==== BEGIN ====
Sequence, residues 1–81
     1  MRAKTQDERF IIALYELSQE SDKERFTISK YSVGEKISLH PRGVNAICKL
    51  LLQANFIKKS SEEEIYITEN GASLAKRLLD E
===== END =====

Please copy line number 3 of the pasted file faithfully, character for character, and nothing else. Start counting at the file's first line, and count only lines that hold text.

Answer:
    51  LLQANFIKKS SEEEIYITEN GASLAKRLLD E